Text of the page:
In the coming year, I’m going to turn my attention more toward the science side of that equation. You can expect more posts about our expanded investments in basic biomedical informatics and data science research. I’ll keep you informed about new partnerships with domain scientists to build tools that will accelerate discovery. And we’ll be tackling some complex policy issues as well, such as the data life cycle and the Library’s responsibility to support rigor and reproducibility within federally funded research.

Through it all, week in and week out, I’ll continue to use this blog to open a window into the Library, its operations, and its commitment to biomedical discovery and the health of society. See you next Tuesday!

Wanted: Big Hairy Audacious Goals

We have a strategic plan. And that plan has three sound and notable goals. So why do we also need a big hairy audacious goal?

The easy answer is that the Blue Ribbon Panel tasked with reviewing NLM’s intramural research program suggested it.

But the real answer pushes us further: To break the limits on our thinking and spark urgency.

Such a bold, risky goal quickens the pulse, sparks excitement, even kindles a bit of fear.

If we are going to achieve that, then we had better get moving.

But what should that be?

The Blue Ribbon Panel offered three ideas (PDF), each building on NLM’s “remarkable track record of research innovation and impact.”

  1. Next-Gen PubMed
    Make PubMed the discoverability engine for the world. Transform it into the single point of access to an array of information types in the life sciences, including data sets, standards, clinical trials, federal health resources, and data science tools and methods. Integrate sophisticated inference capabilities that identify semantic relationships to pull together related content and deliver active learning capabilities and insights, not just hits.
  2. Computational public health
    Create automated tools for disease surveillance and prediction, combining data from disparate sources, including other federal agencies and global partners. Link clinical and epidemiological data to whole genome sequence data for microbial pathogens to rapidly detect, identify, and mitigate the impact of emerging pathogens, pandemics, or malicious attacks.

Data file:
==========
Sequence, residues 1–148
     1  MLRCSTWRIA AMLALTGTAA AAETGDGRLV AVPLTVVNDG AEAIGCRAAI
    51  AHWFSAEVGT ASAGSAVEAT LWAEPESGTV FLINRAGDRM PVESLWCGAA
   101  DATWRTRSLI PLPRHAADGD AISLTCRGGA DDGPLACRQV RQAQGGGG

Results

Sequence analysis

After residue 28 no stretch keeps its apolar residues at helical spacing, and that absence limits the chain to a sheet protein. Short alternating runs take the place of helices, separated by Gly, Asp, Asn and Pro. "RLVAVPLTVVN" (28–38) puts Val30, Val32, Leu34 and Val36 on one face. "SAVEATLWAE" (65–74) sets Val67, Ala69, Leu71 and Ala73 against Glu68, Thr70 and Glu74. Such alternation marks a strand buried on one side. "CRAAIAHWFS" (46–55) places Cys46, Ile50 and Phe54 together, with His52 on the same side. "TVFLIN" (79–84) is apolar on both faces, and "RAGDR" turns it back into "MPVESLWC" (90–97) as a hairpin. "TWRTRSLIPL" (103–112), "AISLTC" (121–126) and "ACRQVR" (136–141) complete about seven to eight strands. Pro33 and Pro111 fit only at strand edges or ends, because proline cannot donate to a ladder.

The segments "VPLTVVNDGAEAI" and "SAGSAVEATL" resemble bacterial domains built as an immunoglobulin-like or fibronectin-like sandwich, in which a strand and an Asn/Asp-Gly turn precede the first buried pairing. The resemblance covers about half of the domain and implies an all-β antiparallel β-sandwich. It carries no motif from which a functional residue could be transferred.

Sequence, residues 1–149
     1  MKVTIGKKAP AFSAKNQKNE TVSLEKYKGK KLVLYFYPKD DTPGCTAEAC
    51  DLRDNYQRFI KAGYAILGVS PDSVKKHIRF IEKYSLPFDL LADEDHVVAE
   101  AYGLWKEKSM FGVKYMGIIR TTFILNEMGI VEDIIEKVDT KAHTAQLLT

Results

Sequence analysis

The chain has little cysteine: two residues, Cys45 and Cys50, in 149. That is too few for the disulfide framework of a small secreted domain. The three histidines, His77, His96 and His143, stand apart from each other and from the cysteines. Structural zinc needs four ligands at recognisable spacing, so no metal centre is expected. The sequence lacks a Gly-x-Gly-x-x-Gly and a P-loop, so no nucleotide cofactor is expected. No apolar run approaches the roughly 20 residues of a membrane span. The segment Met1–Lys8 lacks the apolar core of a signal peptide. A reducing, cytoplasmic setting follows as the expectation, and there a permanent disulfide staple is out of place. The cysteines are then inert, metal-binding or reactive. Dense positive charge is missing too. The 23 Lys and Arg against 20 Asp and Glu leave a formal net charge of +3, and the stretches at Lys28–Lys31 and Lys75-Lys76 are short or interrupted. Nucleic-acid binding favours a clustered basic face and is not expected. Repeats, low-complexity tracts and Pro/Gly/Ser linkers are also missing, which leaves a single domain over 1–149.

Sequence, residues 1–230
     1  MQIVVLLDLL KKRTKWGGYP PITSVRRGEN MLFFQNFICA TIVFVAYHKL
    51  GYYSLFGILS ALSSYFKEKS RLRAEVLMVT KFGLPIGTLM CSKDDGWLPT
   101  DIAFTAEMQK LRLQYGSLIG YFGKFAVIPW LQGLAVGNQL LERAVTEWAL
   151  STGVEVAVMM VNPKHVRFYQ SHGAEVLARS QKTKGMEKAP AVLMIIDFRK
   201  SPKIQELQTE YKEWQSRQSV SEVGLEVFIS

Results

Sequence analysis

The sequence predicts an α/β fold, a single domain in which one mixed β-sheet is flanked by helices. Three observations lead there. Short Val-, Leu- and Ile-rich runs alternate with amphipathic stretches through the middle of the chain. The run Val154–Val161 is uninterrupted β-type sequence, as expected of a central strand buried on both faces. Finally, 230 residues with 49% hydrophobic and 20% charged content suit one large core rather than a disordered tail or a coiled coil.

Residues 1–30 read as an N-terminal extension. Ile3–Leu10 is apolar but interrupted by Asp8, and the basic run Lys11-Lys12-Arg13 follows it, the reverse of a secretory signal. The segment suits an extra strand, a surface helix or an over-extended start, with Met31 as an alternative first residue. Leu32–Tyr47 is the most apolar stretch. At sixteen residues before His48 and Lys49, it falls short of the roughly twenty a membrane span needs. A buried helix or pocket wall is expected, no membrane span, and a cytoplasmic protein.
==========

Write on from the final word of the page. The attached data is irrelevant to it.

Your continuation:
3. Artificial Intelligence in medicine
    Build the tools and data management approaches that draw upon large volumes of personal health data to enable automated and precise diagnoses, prognoses, and patient treatment plans.

Whoa. What?!

Any one of these will take years—and a lot of work, skill, coordination, and even luck—to achieve, but then that’s the idea. Big, hairy, audacious goals aren’t meant to be easy. They’re meant to get us reaching beyond what we thought possible.

In the context of NLM’s intramural research program, the Blue Ribbon Panel highlighted several attributes that such goals should possess:

  • Integrate multidimensional data, including temporally dynamic data
  • Impact many fields of biomedicine (including population health)
  • Challenge experts in user interface and user experience
  • Represent difficult multi- and interdisciplinary research challenges
  • Build on unique strengths at NLM and NIH
  • Provide measures of impact and success
  • Require interactions with other agencies
  • Raise profound informatics and data science research questions
  • Represent a substantial engineering challenge for scaling and dissemination

Can we do it?

The Blue Ribbon Panel thinks so. They noted that NLM has achieved tremendous ambitions in the past, including the Unified Medical Language System, the foundational work that enabled CRISPR-Cas, and machine indexing of the world’s biomedical literature.

But is one of their three suggestions the clear and compelling goal that will get us where we want to be?

NLM will be working with stakeholders to examine that question and to identify and lay the groundwork for its future research agenda, but in the meantime let me ask you:

If you wanted to galvanize research across NLM and inspire the larger scientific community, what would you do? Let us know below.

The Blue Ribbon Panel, comprised of nine external experts in biomedical informatics and data science, was asked to look at the following issues:

    • the strengths and weaknesses of NLM’s intramural research program as a whole
    • the quality of it research and training programs
    • the appropriateness of its organizational structure
    • its relationship to other NIH Institutes and Centers
    • its interactions with NLM’s highly regarded and widely used health information services and tools
    • the effectiveness of its review and evaluation processes
    • the suitability of its research facilities.

NLM has already begun reviewing the Blue Ribbon Panel’s recommendations (PDF) and charting a course forward. I’ll keep you apprised of our steps and strategies over the coming year.